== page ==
Bard: a conversational model integrated with Google.
At a time when some were already composing a requiem for Google, necessarily exceeded by the intelligence of ChatGPT, the first chords of the response are rising. Google presents Bard, its A.I. that dances the LaMDA and that may well set the tempo in the world of artificial intelligence. The tool is already being tested internally and by some external beta testers and should be available in the coming weeks for everyone.
Unless you’ve been living in a cave for the past few weeks and have (very) carefully avoided LinkedIn, you’ve probably heard of ChatGPT, the conversational tool that can generate content developed by OpenAI.
A portmanteau word made up of chat, given the presence of a prompt used to question the tool, and GPT for “Generative Pre-Trained Transformer”: a language processing model in version 3 pre-trained on millions of texts (in short, it eats Wikipedia for breakfast) to predict the rest of a text (and therefore generate a relevant response). The fields of use and possibilities of the latter are numerous: from blog generation to the creation of an advertising strategy through code correction. Its results range from dazzling to distinctly average. As always, with tools, no matter how advanced, the heart of the problem is to use it well (i.e., writing a question as precisely as possible) and to integrate it effectively into your work.
Bard: The Newcomer to the A.I. conversation game
The arrival and the noise generated by ChatGPT has certainly accelerated things on the side of Google, which we feel a little in reaction. Yet artificial intelligence is far from a novelty. The company has centred a great deal of its activity around it (take for example, say, rankbrain for SEO, or this incredible conversation in 2018 at Google I/O. So, Bard is a conversational tool boosted by Artificial Intelligence and, more particularly, by LaMDA, a neat acronym that stands for Language Model for Dialogue Applications.
LaMDA, Lambada, lambawhat?
Like other models (including GPT-3), Bard is built around “Transformer” a neural network developed by Google in 2017, but its model (LaMDA) is specifically built and trained around conversations, their subtleties and nuances. Basically, Bard is your outgoing, cultured friend who can monopolize the conversation in any circumstance, even when it turns to transatlantic trade in the early sixteenth century or the latest developments in cryptocurrency.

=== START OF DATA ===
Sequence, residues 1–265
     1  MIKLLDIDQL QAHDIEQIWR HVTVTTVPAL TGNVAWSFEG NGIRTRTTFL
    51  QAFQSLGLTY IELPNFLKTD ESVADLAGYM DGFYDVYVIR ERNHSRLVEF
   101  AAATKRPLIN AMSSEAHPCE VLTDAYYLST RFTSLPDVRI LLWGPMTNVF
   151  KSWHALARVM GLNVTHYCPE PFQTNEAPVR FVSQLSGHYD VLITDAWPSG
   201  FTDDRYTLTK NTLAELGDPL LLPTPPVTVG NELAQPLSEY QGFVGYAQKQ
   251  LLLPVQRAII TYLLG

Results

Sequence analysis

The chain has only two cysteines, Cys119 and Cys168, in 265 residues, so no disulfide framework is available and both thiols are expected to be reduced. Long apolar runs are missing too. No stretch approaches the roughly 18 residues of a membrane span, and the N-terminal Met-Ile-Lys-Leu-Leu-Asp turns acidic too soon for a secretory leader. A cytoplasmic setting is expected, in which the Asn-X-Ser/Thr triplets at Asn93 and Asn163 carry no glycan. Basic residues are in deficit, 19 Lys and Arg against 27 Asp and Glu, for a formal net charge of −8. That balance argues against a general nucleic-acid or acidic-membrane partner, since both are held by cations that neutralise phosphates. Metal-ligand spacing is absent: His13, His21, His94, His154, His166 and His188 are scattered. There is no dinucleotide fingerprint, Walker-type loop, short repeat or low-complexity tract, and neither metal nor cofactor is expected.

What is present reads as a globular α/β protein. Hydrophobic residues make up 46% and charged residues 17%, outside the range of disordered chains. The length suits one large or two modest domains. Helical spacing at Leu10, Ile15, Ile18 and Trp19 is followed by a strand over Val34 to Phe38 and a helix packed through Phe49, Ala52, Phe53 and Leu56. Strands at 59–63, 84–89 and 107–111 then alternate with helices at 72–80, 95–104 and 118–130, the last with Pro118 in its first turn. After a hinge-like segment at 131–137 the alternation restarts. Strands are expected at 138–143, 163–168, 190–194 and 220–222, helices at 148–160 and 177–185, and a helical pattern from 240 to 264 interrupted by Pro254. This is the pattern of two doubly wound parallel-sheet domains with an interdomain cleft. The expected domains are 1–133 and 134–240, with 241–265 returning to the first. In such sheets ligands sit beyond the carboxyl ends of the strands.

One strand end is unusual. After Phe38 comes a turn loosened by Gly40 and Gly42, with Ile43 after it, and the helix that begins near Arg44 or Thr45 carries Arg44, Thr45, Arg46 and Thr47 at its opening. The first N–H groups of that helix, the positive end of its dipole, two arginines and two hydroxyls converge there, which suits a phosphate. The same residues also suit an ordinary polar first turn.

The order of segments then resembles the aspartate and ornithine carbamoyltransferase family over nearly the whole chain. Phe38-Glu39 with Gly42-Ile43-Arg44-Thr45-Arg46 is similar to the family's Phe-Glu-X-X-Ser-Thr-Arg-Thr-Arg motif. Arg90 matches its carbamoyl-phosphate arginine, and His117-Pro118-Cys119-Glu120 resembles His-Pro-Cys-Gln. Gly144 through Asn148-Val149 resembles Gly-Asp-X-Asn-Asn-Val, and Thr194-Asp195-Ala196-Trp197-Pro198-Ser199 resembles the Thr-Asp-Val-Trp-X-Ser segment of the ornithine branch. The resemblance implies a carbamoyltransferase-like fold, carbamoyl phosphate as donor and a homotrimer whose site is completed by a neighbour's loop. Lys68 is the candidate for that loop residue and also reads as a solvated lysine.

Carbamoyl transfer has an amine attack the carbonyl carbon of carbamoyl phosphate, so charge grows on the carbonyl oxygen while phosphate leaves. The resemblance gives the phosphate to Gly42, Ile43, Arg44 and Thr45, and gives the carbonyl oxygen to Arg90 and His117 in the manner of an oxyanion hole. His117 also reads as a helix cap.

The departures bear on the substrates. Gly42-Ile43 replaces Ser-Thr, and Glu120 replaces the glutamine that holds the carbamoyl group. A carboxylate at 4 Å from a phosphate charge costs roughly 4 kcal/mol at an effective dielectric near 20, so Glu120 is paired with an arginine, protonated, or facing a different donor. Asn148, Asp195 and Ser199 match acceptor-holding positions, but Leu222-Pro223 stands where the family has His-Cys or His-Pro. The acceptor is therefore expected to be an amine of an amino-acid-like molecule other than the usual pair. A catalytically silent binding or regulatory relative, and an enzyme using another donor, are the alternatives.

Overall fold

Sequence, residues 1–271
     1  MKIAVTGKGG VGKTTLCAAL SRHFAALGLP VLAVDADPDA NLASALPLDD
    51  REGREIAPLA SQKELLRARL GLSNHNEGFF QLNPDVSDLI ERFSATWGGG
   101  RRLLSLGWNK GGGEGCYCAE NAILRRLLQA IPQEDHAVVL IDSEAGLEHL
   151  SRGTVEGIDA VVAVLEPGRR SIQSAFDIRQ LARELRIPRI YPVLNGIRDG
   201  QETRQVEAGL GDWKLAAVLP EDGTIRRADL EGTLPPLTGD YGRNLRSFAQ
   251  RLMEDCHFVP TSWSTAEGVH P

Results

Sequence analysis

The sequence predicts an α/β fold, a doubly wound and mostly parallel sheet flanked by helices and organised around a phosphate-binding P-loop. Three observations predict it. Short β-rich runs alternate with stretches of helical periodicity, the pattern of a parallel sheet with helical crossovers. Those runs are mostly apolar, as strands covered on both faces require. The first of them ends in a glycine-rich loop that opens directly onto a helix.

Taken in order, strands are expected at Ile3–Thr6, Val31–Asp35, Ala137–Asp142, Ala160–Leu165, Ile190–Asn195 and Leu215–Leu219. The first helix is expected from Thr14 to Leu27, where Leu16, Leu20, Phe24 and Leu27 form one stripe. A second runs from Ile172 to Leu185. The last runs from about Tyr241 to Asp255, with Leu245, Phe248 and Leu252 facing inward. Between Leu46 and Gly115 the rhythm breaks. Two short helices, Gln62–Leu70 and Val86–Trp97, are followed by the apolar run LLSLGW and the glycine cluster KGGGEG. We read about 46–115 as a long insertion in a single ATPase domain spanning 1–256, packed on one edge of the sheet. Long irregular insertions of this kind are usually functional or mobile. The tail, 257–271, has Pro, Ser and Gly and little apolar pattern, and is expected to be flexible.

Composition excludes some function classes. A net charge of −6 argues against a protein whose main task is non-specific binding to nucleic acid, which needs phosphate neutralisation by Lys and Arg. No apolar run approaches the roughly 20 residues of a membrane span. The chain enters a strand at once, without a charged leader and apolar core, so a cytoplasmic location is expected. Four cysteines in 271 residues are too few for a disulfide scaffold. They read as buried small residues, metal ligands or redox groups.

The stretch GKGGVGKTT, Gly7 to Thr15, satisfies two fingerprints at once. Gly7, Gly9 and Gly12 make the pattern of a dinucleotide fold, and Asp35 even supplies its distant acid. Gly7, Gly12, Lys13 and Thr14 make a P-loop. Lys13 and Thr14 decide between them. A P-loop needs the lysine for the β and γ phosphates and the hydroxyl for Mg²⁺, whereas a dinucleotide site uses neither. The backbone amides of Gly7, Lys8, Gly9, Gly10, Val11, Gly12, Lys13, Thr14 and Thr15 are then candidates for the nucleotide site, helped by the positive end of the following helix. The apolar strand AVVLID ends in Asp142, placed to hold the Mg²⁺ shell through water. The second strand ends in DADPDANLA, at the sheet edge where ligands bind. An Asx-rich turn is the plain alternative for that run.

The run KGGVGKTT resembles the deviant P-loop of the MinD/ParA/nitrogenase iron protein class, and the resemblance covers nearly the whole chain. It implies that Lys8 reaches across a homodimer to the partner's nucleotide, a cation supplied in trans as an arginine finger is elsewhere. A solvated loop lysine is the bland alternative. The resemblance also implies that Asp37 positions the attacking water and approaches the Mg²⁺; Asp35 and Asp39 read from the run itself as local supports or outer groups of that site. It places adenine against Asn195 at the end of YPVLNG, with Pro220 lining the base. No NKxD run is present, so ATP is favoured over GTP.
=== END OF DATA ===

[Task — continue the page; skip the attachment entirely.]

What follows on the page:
What differences between ChatGPT and Bard?
Where ChatGPT has ingested an incredible amount of data in many places (including not-so-recommended corners of the web), Bard (and its model) has been trained to give fact-based information with a dimension of interest and utility. In 2018 Google published a number of principles that they aim to follow in their work on A.I., and it is these, they say, they follow for Bard.
- To benefit society.
- To avoid creating or increasing bias.
- Keeping security its central concern.
- Responsibility towards the individual person.
- Integrating the concepts of private life.
- Upholding the high standards of scientific excellence.
- Being made available for uses consistent with these principles.
It seems that ChatGPT is quite in agreement:
What future for Bard and the A.I.s?
The appearance of artificial intelligence in the SERPs is, in itself, a small revolution, but not necessarily an earthquake: as a reminder, zero positions and other search pages where Google offers an answer without the user having to click on a result have existed for a while. Therefore, even if the new model of Google or that of OpenAI that we should see appear in Bing bring their share of novelties, upheavals and intellectual challenges for Search experts, they do not yet seem able to touch some less informational aspects of queries (black leather shoe size 43) or (black cladding house front).
It now remains to be seen how the arrival of MUM and its multimodal capacities (images, texts, video and audio) combined with Bard might radically change the SERPs to offer us a true revolution.
APIs to govern them all
Just like OpenAI, Google seems decided to offer an API to allow developers to offer new tools and new uses to its conversational model. However, this is an element that will not necessarily revolutionize the SERPs, but could well revolutionize the way we work.
ChatGPT, for example, allows incredible time-savings by classifying keywords, writing meta-descriptions or any other task (and believe me, we discover new possibilities every day!). However, the real time-saving comes from the ability to integrate a useful query (example: classification) in a workflow, such as using an API in a Google Sheets script or python code. Once the query is well constructed and the settings are refined, all that then remains is to take advantage of the time-saving on repetitive tasks.
However, as specified, if the arrival of these tools is a clear opportunity, it is not yet the Eldorado that some publications would have us believe. The ability to use it with finesse and efficiency remains dependent on knowledge of the environment, but even more on expertise. To put it simply, asking ChatGPT to build a social Ads strategy and sharing it on LinkedIn is one thing, but actually implementing it and making it grow effectively is another.
In conclusion, the latest advances in terms of artificial intelligence are really exciting and promise real changes, not only in the way we work but also in search engines. However, perceiving all the impacts, positive or negative, is still a complex matter.
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